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Monday, January 12, 2015

Chef Chat: Barbecue Master Mike Emerson on Becoming Pappy

Posted By on Mon, Jan 12, 2015 at 6:00 AM

Mike Emerson of Pappy's Smokehouse | Robin Wheeler
  • Mike Emerson of Pappy's Smokehouse | Robin Wheeler

Long before the legendary barbecue, the throngs of adoring fans lined out the door and that famous beard, Mike Emerson was a little kid who loved the outdoors. "My family was always hunting and fishing -- I've been doing those things since I could walk," the Pappy's Smokehouse (3106 Olive Street; 314-535-4340) pit master recalls. "We were always doing some sort of outdoor cooking. It's what I grew up with."

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Emerson credits this rustic way of cooking with getting him into barbecue, but says his restaurant savvy (though he'd never call it that) comes from his time spent learning under legends of St. Louis dining. "I've been in the restaurant business from when I was fifteen until my mid-twenties," Emerson says. "I started out as a busser, usually doing front-of-house work. I worked for the Del Pietros and even Mayor Slay's dad. I was taught by restaurant royalty."

This preparation is most likely what kept him from going down in flames when word of his barbecue spread nationwide. "We were just chugging along -- someone who knows this sort of thing told us that our website was getting around 500 hits per day," says Emerson. "Then I went on a national show, and we got 5,000 hits in one hour."

It hasn't slowed down since, unless you count the week he was closed around the holidays this year. "There's always someone in the restaurant," Emerson notes. "At all hours of the day -- either prepping or cleaning or something. But when we were closed this year, I went into a completely empty restaurant. It's the first chance I've had to just sit there in the middle of it and really think about it all. I looked at the walls covered with memories. There's nothing on them that doesn't have meaning. This place is filled with it."

Emerson took a break from turning out the town's most famous (and best) barbecue to share his thoughts on the St. Louis dining scene, his not-so-secret crush and why it's important to watch the sunrise.

What is one thing people don't know about you that you wish they did? That I still look at life in amazement. I might be older, hopefully a little wiser, but I'm still in awe of the people around me, and the cool things they do.

What daily ritual is non-negotiable for you? Coffee, and watching the sunrise. Sunrise is a daily gift and should not be missed.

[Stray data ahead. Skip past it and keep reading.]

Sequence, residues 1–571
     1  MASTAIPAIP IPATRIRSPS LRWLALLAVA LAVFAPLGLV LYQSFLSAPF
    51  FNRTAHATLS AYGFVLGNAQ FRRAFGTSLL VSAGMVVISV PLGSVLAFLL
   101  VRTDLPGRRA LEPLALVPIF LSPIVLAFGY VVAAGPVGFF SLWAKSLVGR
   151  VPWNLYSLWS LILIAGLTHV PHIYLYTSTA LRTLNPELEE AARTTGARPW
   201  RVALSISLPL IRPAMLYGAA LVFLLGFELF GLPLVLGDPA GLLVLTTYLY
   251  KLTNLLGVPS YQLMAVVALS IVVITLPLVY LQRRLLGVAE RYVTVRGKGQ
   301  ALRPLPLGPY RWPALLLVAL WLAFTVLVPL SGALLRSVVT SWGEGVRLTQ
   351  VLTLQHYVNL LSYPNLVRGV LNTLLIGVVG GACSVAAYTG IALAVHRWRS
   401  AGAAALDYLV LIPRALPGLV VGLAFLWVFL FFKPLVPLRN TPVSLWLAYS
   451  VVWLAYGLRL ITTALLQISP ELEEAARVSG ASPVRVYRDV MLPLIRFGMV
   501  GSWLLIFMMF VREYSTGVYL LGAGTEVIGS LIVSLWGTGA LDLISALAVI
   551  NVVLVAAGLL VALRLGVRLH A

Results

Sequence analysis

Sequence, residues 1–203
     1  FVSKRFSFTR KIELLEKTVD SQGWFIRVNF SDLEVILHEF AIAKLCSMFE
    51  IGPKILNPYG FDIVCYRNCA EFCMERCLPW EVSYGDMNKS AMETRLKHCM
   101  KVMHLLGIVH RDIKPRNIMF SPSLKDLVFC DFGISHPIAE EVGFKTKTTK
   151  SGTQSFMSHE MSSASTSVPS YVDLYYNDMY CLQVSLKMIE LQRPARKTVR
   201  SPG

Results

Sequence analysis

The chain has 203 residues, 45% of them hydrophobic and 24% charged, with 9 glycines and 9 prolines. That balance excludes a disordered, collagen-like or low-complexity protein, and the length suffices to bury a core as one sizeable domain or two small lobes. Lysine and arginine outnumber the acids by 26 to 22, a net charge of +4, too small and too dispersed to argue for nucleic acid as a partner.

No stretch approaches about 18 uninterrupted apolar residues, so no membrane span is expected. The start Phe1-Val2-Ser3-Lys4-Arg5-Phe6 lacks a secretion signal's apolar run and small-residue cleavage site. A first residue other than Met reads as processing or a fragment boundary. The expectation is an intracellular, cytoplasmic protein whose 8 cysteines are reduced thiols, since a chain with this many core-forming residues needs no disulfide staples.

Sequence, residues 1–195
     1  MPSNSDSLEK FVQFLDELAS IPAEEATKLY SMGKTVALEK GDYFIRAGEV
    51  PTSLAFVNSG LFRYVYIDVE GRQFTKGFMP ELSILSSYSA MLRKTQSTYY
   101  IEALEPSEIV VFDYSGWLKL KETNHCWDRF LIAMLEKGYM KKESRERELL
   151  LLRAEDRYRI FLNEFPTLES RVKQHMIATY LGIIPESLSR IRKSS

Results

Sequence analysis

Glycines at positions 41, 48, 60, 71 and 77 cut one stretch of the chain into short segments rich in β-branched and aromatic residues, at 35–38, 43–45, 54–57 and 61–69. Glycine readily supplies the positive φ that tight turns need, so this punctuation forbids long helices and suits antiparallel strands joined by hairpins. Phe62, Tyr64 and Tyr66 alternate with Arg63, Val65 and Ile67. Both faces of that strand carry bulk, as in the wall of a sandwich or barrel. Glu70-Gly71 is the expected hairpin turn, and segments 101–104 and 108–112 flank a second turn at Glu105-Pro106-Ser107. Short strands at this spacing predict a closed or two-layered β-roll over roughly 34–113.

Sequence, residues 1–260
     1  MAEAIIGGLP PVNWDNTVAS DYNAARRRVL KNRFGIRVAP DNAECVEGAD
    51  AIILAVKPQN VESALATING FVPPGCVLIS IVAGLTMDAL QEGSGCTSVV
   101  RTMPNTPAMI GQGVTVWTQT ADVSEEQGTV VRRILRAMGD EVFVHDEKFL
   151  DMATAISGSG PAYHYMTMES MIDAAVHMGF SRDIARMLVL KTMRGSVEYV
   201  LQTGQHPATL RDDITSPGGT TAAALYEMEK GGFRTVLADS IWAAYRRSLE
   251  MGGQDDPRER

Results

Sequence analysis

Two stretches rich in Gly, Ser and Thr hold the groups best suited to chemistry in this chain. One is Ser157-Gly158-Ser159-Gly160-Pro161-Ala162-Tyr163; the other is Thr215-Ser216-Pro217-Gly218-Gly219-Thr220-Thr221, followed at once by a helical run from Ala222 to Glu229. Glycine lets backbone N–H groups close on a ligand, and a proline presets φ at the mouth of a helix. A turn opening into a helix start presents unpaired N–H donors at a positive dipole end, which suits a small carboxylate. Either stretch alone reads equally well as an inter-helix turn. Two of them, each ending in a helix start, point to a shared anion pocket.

If you could have any superpower, what would it be? X-ray vision. I like to play blackjack occasionally, and that would really help.

What is the most positive trend in food, wine or cocktails that you've noticed in St. Louis over the past year? It's the continuing trend of helping the next generation of talent. It expands the playing field, and keeps the veterans of our industry sharp.

Who is your St. Louis food crush? I don't think it's a secret -- there's nobody I love more in this town than my buddy, Kevin Nashan [Sidney Street Cafe, Peacemaker Lobster & Crab Co.]. Nobody keeps the light shining on all of us, more than Kevin. (Qui Tran [Mai Lee] is a close second).

Who's the one person to watch right now in the St. Louis dining scene? I would say David Choi [Seoul Taco]. I love the stuff he is doing. Plus, he's one of the good guys.

Which ingredient is most representative of your personality? Blackstrap molasses. Slow, a little sweet, and hopefully it will put a little smile on your face.

Name an ingredient never allowed in your kitchen. Easy: liquid smoke.

What is your after work hangout? It used to be the Shanti in Soulard. I'm in search of a new spot, but the Shanti will be tough to replace. It was beyond description.

What's your food or beverage guilty pleasure? Fritos and peanut butter. They were a dietary staple in my youth, and I still indulge, occasionally.

What would be your last meal on earth? I've been blessed and fortunate to have a lot of great meals in my life. My last meal would be something prepared with my friends and family. We'd be on a tropical beach, and at the end they would all push my little boat out to sea. I'd like that.

Follow Cheryl Baehr on Twitter at @CherylABaehr. E-mail the author at

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